We, the undersigned civil society organizations, express our deep concern with
the presidential elections on February 19, 2008, the pre-election period, the
election campaign and the post-election processes in the country. The assessment
of international observers, even though portrayed in a positive light by the government
and the government controlled media, was critical. However, the apparent discrepancy
between the actual findings of the assessment with the formative first two sentences
of the report resulted in the government only referring to this paragraph in the
international observers’ assessment in order to legitimize the results of
the election. Meanwhile, in the report, international observers pointed out to
media censorship, intimidation of voters, vote buying, etc. and called vote count
‘bad’ or ‘very bad’ in 16 percent of polling stations
visited. Qualifying such practices as a “step forward” and in line
with the commitments to hold free and fair elections discredits the notion of
democracy and further lowers the standards of democratic reforms.
A number of undersigned organizations observed the elections during the voting
day as well as the process prior and post February 19. The instances of violations
are numerous and are documented in our reports.
We are particularly concerned with the Freedom of Media/Access to Media, Violence,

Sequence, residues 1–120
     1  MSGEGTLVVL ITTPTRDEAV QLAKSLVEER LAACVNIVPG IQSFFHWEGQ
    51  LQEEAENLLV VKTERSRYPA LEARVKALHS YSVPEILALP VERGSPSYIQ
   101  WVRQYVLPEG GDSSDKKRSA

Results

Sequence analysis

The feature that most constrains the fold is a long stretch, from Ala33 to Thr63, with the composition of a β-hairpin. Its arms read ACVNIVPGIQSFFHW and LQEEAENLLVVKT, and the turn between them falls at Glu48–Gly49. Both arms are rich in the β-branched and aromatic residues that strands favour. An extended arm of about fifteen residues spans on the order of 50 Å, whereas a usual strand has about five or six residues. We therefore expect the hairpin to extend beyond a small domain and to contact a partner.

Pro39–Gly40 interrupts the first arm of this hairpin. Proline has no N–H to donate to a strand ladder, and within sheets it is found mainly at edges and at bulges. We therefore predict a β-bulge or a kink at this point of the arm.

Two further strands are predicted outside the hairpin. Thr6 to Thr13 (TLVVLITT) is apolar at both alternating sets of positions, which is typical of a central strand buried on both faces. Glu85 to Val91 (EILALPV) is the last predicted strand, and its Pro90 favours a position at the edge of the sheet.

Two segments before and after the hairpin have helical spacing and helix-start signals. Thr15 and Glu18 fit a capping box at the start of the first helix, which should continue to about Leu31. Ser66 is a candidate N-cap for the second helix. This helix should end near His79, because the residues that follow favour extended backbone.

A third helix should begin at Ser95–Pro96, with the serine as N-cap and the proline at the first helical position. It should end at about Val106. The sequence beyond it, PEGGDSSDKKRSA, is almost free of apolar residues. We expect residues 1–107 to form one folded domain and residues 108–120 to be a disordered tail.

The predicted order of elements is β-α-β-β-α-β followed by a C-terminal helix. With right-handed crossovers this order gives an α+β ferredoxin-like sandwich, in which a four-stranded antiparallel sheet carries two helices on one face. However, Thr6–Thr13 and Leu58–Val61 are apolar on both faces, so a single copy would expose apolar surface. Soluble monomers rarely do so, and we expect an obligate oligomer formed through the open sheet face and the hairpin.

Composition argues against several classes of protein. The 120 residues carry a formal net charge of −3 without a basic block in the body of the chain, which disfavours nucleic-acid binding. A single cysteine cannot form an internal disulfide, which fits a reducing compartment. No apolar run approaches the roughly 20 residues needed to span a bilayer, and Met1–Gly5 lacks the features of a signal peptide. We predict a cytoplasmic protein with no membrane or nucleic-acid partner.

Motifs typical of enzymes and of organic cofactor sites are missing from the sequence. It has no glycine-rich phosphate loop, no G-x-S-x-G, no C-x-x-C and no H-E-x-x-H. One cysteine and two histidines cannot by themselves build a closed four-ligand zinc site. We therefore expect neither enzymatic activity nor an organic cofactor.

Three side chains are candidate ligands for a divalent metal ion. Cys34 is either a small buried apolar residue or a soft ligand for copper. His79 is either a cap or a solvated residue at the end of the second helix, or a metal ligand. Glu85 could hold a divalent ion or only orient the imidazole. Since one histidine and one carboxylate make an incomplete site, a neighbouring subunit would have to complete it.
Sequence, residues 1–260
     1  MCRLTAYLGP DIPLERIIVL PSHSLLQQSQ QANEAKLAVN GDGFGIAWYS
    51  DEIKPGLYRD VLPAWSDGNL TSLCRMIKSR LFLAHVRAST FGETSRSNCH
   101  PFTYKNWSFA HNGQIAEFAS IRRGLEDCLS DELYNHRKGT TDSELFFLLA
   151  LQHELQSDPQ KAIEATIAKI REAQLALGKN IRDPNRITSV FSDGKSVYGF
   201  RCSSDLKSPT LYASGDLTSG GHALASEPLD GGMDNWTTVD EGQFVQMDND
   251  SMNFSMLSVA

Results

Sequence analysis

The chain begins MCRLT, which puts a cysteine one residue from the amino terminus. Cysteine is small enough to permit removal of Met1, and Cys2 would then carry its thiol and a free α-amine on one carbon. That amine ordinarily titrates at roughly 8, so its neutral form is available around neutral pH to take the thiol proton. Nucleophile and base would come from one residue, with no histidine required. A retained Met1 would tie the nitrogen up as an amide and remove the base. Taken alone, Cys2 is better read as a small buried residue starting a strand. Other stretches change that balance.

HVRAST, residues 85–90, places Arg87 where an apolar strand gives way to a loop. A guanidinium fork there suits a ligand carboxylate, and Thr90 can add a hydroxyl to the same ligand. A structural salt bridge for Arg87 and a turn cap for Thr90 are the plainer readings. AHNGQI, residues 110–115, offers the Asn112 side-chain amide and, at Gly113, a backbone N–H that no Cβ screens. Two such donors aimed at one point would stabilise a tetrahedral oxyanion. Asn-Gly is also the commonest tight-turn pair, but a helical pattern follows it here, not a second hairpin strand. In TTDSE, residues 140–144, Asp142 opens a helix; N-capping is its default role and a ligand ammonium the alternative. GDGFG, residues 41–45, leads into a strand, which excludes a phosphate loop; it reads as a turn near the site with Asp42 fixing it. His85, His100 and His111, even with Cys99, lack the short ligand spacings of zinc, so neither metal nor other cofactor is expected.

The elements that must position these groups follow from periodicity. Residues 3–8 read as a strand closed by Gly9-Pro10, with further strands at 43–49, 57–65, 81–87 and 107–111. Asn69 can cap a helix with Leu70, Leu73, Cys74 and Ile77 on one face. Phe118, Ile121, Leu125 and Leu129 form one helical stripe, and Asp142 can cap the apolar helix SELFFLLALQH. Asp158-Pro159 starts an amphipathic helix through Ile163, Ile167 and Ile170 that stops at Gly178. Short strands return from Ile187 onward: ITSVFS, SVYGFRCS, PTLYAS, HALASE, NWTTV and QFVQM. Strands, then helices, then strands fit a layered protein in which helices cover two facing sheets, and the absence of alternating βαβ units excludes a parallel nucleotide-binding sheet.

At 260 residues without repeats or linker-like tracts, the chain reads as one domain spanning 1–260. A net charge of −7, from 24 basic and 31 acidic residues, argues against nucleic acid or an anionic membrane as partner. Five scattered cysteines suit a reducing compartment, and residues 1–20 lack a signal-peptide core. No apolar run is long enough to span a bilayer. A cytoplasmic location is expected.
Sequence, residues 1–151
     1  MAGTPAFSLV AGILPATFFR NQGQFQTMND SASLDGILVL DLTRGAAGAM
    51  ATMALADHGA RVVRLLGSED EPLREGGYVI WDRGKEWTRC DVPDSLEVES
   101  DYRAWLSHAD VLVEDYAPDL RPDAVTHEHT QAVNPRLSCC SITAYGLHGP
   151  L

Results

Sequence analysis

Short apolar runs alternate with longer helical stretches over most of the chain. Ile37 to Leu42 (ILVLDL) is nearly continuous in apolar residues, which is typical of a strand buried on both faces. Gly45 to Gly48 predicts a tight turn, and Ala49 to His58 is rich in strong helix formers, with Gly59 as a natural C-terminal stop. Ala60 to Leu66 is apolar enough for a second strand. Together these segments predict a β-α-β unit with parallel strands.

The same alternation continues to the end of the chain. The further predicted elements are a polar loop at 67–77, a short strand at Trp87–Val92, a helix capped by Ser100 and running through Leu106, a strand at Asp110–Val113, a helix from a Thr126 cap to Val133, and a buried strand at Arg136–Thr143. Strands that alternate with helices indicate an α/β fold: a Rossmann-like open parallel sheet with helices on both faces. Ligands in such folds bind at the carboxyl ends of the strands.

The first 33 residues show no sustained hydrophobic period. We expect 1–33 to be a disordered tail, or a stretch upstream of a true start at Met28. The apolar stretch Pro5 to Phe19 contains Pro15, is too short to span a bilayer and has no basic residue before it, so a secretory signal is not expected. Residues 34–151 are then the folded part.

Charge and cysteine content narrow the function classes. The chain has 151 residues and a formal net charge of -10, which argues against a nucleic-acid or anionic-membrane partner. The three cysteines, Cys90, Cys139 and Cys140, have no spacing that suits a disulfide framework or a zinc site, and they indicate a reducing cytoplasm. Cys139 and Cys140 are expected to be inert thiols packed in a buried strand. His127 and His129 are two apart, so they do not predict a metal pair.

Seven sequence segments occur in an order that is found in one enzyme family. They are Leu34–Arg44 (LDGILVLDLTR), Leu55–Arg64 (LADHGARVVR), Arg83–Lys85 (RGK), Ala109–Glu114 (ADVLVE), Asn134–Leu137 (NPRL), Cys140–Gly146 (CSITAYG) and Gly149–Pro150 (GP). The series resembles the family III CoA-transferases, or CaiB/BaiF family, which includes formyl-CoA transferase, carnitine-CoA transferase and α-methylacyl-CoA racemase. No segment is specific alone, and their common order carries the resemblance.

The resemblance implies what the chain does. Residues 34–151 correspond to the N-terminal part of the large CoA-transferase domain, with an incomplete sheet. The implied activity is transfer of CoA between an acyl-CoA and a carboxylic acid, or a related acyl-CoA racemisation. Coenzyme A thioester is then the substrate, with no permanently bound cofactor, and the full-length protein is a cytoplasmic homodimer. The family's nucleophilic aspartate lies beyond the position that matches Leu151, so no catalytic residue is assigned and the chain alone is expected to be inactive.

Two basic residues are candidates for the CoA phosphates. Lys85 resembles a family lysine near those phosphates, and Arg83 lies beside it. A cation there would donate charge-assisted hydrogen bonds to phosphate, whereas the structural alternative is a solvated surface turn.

Corruption and Use of Administrative Resources, Arrests of Public Figures.
One of the main points that the OSCE/ODHIR observation mission made in its interim
report concerned the need to establish public trust in the electoral process.
Deep rooted mistrust and often-referred-to public apathy is nothing else but self-preservation
reaction of the Armenian people vs. the atmosphere of impunity for those who perpetrated
electoral fraud in all past elections. The processes taking place after the elections
are alarming and will definitely deepen the public distrust.
We believe that as long as electoral fraud goes uninvestigated and unpunished,
there will be no trust in the process and in the legal and judicial system.
We believe that only through open and widely inclusive public discussion over
the above stated problems and violations it is possible to foster the atmosphere
of trust and public confidence.
In view of the above, we state that this election was not held in correspondence
with our understanding of democratic values and practices.
We believe that the way the authorities handle the fraud will be indicative of
the honest determination to abide by the rules of democratic free and fair elections.
We call upon the Armenian government to stop politically motivated detentions.
These are not calls for impunity, but a call for the government to set the example
for the Armenian people and to act within the law.
We call upon the international community to see through the commitment of the
Armenian government to comply with the procedure and to require documentation
of proper investigation and due punishment of those who violated the law.
We call upon the international community to make objective conclusions based on
their own findings and not to discredit the notion of democracy, democratic standards
and principles, as well as the international organizations carrying out an observation